Probably this cactus needs more light. Try moving it into a sunnier location and see if they change to a greener tone. Next, check the watering. Too much water causes Euphorbia to change leaf color to a more yellowish shade.
If this does not work, then check the plant is not in a draft that makes it feel cooler than it prefers. Lastly, if the leaves are still yellow, check for root rot, hoping this is not the case!
Check “Why is my cactus turning brown?“ (above) for how to fix this.
How can I save my yellowing cactus?
In general, a yellow cactus often indicates that there may be too much water in the pot, but ironically, it can also indicate too little. Cacti feel soft when dehydrated. Other factors you can check include:
- Right light
- Good soil
- Proper fertilizers
So first, as a general rule for all cacti, do not water them too much. Allow the soil to completely dry out before you start adding more. This will help to avoid root rot too.
If the plant is yellow, wrinkled, and the roots smell, root rot may be the cause of its yellow leaves. In this case, go back to the section about the browning of cactus plants and follow the instructions.
It may be a feature of your particular type of cacti that the leaves change according to the light it receives these are the four things you need to worry about to ensure that your cactus thrives.
Can I grow cacti outdoors successfully?
Some cactus plants are better at surviving outdoors than others. If you leave a succulent outdoors and there is frost, the result is usually black leaves and the most likely cause is that the cactus plant will die. One way to avoid this is to provide some protection, by covering the plant with a polythene or cloth layer in colder periods.
I do not recommend growing cactus outside unless you are in a tropical zone. Some may like the extra sun in a sheltered area in summer. However, with the cool fall winds, move it indoors.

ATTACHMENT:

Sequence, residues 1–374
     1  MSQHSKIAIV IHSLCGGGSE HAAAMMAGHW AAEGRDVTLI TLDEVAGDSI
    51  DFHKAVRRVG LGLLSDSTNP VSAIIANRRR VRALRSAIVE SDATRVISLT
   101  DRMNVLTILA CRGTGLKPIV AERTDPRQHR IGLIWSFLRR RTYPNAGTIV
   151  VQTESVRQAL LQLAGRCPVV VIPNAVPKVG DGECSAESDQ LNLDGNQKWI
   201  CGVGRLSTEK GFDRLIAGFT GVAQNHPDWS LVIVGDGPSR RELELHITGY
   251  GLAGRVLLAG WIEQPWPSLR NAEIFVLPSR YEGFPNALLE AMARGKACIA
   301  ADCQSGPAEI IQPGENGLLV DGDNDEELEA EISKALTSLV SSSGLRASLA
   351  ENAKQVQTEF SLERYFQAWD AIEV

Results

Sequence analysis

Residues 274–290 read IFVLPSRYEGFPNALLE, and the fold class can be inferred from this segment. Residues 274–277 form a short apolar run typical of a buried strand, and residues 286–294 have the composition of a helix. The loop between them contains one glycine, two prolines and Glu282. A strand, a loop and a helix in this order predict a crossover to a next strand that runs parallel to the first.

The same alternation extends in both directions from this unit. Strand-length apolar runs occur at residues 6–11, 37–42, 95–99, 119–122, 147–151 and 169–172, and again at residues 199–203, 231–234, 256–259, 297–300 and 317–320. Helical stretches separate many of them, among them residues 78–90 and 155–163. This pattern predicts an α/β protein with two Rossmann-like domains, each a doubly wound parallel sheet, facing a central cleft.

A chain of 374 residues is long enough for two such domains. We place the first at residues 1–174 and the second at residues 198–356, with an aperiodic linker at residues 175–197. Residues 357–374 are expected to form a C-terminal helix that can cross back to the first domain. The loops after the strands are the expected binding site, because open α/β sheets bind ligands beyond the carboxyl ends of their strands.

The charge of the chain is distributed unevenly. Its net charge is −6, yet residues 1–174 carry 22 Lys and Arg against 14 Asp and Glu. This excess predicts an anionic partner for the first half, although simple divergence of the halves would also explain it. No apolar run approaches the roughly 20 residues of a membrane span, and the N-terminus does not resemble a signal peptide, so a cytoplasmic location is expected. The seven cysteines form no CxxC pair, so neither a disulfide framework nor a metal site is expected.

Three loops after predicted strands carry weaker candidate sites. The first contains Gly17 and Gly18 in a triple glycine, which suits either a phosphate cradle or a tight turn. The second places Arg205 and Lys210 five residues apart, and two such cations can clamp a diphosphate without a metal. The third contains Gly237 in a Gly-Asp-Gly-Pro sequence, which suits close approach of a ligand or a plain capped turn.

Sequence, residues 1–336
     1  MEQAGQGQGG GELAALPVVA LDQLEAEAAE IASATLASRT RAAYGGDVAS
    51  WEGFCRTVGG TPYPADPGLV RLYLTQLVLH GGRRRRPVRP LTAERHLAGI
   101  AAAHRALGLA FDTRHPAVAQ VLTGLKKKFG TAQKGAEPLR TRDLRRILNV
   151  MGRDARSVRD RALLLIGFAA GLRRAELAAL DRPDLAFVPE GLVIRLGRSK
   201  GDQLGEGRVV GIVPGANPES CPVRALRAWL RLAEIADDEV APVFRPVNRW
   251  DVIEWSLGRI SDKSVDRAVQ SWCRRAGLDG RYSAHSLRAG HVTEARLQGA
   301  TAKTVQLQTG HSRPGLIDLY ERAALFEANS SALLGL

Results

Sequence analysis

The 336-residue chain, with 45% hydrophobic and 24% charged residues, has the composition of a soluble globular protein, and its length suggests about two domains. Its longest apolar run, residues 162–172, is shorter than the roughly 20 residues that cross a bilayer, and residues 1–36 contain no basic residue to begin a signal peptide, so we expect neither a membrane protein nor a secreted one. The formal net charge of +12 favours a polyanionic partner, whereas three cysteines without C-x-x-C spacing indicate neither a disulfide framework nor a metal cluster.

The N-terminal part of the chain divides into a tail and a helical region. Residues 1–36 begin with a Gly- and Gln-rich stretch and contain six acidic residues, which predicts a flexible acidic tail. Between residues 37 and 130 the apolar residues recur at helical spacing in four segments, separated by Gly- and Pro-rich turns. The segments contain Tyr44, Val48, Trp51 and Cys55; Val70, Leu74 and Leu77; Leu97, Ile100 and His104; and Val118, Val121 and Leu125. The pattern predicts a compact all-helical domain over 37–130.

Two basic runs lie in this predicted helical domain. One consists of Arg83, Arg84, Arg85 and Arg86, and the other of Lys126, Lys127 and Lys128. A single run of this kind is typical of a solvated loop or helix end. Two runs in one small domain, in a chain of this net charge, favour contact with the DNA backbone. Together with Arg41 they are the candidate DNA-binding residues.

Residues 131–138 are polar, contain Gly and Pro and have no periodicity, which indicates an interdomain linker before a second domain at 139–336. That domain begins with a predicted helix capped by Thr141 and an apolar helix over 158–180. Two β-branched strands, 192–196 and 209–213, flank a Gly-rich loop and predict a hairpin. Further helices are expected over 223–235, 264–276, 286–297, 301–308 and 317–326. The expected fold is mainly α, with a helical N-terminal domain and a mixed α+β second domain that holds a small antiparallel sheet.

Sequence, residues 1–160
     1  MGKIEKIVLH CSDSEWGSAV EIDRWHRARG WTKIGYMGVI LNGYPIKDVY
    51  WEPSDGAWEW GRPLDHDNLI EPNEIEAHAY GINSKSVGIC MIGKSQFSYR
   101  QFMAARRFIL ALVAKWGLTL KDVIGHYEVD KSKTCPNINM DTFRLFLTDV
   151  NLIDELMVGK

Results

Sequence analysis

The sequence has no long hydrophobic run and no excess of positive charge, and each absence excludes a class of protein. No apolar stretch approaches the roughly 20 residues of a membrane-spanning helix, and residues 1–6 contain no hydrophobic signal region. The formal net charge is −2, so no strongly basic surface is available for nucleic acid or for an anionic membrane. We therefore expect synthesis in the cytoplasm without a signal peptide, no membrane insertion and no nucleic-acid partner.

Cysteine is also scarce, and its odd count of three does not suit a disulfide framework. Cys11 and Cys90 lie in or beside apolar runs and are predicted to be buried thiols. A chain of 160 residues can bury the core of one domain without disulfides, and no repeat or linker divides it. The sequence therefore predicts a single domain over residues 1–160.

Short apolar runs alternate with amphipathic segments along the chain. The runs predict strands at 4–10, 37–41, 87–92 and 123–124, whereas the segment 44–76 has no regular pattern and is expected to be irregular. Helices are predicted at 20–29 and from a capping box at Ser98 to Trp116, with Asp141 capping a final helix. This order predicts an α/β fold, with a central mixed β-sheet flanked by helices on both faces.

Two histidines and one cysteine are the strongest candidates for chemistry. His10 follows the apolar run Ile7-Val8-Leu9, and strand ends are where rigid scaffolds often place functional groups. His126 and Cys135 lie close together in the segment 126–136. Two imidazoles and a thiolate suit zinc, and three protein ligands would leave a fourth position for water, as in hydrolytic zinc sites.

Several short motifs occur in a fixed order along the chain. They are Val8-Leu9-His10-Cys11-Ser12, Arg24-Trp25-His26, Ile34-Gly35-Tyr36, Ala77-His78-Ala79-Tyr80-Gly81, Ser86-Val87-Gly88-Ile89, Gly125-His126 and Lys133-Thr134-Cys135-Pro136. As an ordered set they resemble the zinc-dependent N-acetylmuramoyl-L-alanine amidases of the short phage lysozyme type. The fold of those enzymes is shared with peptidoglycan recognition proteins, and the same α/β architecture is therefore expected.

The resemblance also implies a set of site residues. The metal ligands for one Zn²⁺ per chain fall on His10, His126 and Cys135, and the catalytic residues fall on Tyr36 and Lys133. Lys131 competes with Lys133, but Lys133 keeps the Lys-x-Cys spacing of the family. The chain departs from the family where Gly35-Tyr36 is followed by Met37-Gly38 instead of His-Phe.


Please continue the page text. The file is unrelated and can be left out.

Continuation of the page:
Do I need to fertilize my cactus plant?
Cactus survive well in the wild, with savage differences between hot daytime temperature and nighttime lows. An indoor cactus can be cared for by providing all the basics like water, light, nutrients, and temperature but in spring when the growing period starts, it is a good idea to fertilize your plant.
Do not use a fertilizer that adds high nitrogen. Cactus plants prefer a low nitrogen mixture and if the nutrients are excessive, it will not help your plant and may cause leaves to become excessively fleshy.
Do not fertilize in the winter. Most plants do not need it outside of their growing season because excessive nutrition may just sit in the soil and eventually cause root rot.
Do not fertilize if you have just re-potted your plant. Cactus does not like excessive nitrogen either. But allow a new re-potted plant to settle for a few weeks before you fertilize it.
If you notice your cactus plant is flowering, then you should definitely feed it! You can purchase a specialist cactus feed; the most important aspect is that these usually have a lower nitrogen content than normal household plant feeds, which the cactus enjoys.
However, as long as the nitrogen content is no higher than 10, you can use household plant fertilizers using the 10-10-10 ratio, which gives 10% of nitrogen, phosphorus, and potassium. Healthy plants need all of these to thrive.
How can I help my cactus plant to flower?
Several types of cacti offer gorgeous flowers in the wild, usually after a rainy period or at times of optimum health and good fertilization.
It is important to read the label that comes with your plant to learn when it usually flowers. For example, the Christmas cactus usually flowers in December, not in the summer, so this plant is effectively dormant in summer and needs to be fertilized in winter to encourage flowering.
For other types such as the Moon cactus, remember that they are actually two different types of cactus grafted together. The flowers occur on the top plant, so check the flowering season when you buy and fertilize to suit the expected time of flowering.